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Latest comment: 3 February by Arash in topic pacman hook

pacman hook

How about mentioning pacman hook for it? pacman-updatedb-hookAUR --Ratijas (talk) 16:50, 21 September 2021 (UTC)Reply[reply]

What does it do? — Lahwaacz (talk) 08:01, 25 September 2021 (UTC)Reply[reply]
I do think, it certainly worth mentioning in the article. The pacman hook you're talking about just runs updatedb after each upgrade, install and remove.
Even though, I don't find use for it personally, may someone does so.
Arash (talk) 00:54, 28 January 2024 (UTC)Reply[reply]
How long does it take to run? Do you really want to have the entire filesystem, including e.g. /home, indexed after every package operation? — Lahwaacz (talk) 14:42, 28 January 2024 (UTC)Reply[reply]
Sorry for delay.
It takes between 15–20 seconds on my laptop with a Skylake intel processor and 16G ram. Will be less, probably, on my desktop, but I didn't try.
It's worth mentioning, it is the case with plocate, I didn't try it with mlocate. Also, it's not the initial run of it, Its initial run was probably automatically with its systemd timer way before.
I guess it does not re-index what is already indexed, I don't know how all this stuff works whatsoever.
Arash (talk) 04:11, 31 January 2024 (UTC)Reply[reply]
It takes about 4 minutes on my desktop. — andreymal (talk) 10:37, 31 January 2024 (UTC)Reply[reply]
Please specify, on how much used space (your filled storage), what hardware and how frequently.
According to updatedb(8), "If the database already exists, its data is reused to avoid rereading directories that have not changed."
So it really depends on how frequently do you run updatedb by any mean — including by cron jobs, Systemd timers, manually or a pacman hook.
On my laptop, with about 120GiB used storage of SSD, and the mentioned internal hardware, running it daily can't take more than 20 Second. Running it again after a few hours takes about 3 seconds!
Nevertheless, I think all these measurements are not the subject, mentioning existence of a pacman hook in AUR, related to the tool documented in this article (locate and variants), doesn't need any of these measurements. It's up to the user to see if he likes to use an available tool or not!
If we think that it's not a good idea, we can just put a Note about it, including detailed technicals reasons that why using this mentioned tool would not be a good idea on certain systems!
We have to think first that why such a pacman hook even exists? Most probably, because there are people who found it useful!
One of the two main tradeoffs of locate(s) programs is that they can't have absolute accuracy like find. Their accuracy can be improved by updating their database more frequently — and the overall efficiency cost is the same, because not-changed directories are not re-indexed!
Arash (talk) 15:33, 31 January 2024 (UTC)Reply[reply]
120GiB is nothing. I have 4.5 millon files on two SSDs and two HDDs totaling ~4.5TiB, and even find -type f takes minutes to complete (but just to clarify, I'm not against mentioning it) — andreymal (talk) 16:00, 31 January 2024 (UTC)Reply[reply]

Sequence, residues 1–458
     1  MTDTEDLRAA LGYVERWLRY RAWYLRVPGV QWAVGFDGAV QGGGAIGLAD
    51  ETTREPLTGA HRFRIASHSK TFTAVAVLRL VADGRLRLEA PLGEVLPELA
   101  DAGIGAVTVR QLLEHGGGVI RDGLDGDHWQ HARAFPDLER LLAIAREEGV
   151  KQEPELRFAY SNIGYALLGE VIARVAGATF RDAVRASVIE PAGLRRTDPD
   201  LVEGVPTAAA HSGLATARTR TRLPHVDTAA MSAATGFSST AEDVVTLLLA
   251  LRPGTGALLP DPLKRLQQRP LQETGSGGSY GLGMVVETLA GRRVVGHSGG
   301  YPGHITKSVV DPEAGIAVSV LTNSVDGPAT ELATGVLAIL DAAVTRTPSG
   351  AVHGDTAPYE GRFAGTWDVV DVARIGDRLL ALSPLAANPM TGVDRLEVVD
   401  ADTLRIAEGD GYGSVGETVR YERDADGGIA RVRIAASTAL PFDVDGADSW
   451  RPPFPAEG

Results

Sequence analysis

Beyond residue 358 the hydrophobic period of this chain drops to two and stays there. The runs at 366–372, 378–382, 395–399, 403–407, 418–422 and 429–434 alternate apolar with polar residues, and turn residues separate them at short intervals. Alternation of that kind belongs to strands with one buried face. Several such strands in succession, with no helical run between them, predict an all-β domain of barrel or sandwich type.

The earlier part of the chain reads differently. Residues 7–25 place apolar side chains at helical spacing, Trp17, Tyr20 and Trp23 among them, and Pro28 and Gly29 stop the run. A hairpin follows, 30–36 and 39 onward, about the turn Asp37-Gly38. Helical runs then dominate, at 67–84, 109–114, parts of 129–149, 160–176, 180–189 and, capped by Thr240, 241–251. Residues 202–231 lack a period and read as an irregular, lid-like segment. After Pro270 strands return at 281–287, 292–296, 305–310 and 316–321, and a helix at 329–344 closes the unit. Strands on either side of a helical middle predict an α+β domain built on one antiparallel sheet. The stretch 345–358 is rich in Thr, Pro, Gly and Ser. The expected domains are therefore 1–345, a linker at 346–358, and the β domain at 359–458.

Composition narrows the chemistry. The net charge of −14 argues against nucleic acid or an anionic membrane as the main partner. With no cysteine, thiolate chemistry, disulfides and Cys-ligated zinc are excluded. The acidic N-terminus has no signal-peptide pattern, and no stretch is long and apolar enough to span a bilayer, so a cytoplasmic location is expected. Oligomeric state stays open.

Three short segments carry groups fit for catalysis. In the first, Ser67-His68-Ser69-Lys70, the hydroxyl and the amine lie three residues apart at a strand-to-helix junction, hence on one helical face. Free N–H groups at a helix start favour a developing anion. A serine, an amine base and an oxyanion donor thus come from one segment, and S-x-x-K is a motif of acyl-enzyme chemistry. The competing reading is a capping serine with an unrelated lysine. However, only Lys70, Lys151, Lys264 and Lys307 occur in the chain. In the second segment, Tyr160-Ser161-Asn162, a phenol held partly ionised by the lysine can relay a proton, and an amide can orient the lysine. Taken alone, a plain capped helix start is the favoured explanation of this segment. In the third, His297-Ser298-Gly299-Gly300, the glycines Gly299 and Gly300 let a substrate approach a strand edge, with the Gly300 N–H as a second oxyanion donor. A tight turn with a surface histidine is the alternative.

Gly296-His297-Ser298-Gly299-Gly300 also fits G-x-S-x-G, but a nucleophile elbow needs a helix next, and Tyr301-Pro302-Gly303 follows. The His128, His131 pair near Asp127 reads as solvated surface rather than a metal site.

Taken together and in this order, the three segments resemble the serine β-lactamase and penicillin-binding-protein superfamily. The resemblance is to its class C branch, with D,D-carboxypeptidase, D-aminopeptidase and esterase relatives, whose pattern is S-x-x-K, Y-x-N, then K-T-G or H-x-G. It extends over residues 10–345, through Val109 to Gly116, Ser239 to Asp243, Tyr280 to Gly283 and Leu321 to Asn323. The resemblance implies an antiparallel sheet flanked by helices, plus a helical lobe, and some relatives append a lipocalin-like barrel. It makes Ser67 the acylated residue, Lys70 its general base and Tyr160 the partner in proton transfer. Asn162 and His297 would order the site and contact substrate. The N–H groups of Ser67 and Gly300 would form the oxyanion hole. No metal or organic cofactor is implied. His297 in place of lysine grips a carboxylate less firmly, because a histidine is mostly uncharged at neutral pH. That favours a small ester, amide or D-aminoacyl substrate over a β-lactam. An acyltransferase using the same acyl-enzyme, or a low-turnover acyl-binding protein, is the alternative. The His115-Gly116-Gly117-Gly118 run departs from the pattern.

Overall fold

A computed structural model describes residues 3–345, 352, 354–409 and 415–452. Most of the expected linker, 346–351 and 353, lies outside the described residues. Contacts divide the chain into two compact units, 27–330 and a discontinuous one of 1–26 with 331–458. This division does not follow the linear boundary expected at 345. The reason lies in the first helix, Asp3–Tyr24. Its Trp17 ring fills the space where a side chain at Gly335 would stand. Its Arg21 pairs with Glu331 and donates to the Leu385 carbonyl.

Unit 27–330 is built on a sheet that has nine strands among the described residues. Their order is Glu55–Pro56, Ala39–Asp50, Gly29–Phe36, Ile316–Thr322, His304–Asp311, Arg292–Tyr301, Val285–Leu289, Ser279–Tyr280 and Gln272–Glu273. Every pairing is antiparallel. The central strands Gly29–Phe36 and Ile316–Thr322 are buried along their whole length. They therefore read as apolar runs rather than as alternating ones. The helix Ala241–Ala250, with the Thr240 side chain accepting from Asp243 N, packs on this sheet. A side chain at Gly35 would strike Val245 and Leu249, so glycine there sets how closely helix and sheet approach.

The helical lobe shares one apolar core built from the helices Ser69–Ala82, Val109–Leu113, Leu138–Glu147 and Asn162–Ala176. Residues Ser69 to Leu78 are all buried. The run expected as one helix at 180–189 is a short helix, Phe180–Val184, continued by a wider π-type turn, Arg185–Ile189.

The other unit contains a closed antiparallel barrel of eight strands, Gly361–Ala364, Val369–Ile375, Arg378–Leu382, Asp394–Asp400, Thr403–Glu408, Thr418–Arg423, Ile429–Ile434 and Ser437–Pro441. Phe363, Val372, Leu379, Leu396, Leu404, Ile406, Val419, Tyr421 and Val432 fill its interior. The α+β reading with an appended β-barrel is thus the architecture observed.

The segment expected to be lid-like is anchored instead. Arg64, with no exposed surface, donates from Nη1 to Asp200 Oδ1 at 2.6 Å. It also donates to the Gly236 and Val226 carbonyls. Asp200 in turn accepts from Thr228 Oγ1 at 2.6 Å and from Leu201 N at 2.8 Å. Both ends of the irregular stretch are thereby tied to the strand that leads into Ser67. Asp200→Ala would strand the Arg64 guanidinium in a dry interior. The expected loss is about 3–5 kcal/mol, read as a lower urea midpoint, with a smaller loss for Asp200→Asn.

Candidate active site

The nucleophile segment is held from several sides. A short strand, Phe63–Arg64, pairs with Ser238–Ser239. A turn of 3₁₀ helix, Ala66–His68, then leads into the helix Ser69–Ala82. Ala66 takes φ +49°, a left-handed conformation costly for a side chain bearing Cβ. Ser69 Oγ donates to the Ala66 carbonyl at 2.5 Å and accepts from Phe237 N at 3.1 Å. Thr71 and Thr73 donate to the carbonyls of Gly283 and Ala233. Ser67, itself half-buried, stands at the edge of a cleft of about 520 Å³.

Even if updatedb won't update its database for files that were not changed since the last time, it still has to traverse the whole directory tree and this may generate a lot of IO. Note that "not-changed directory" does not make sense - directory metadata does not include any info related to changes in its subdirectories and files.
If you want to mention this on the page, you need to make sure that readers are aware of all the consequences. IMO it would be more useful to just hint that increasing the frequency of the systemd timer or reindexing more often in general may help, I don't see a benefit of connecting the reindexing to pacman operations.
Lahwaacz (talk) 11:37, 3 February 2024 (UTC)Reply[reply]
How it ignores unchanged directories has to be asked from its developer. Nevertheless, your statement about the case is true, most probably.
I personally, as a human, can find if a directory has possibly changed internally or not by comparing its current and previous atime.
But talking about efficiency in consuming system resources. That has many aspects.
Best practice to generate less I/O regarding updatedb, is to run it, only, when a file/directory has been created, removed or renamed. Time is the most indirect effective factor here. You can create/remove millions of files in an hour while not touching anything for the rest of the season!
A system can serve for a year or for months without any change to its persistent data storage, or to the files which searching for them would be desirable. While systemd timer for updatedb is running every day, without any actual benefit, in the example.
pacman operations create/remove/change files in many directories, particularly, in /etc and /usr directory trees.
Just increasing the frequency of running updatedb based on time, while resisting to run it when your filesystem has definitely changed?
In using locate programs, the worst case is to search for a file that exists, but is not indexed! So user mistakenly assume its absence, falsely!
However! I believe in freedom, existence of methods to use a program is good to be documented, doesn't matter if we think that it's a bad method, personally. We can warn or note the reader about possible cons/caveats/consequences of the documented technic.
Arash (talk) 21:58, 3 February 2024 (UTC)Reply[reply]

[plocate] `PRUNE_BIND_MOUNTS = "no"` required for btrfs

Is it worth to mention this? More info here Leuko (talk) 10:58, 6 December 2023 (UTC)Reply[reply]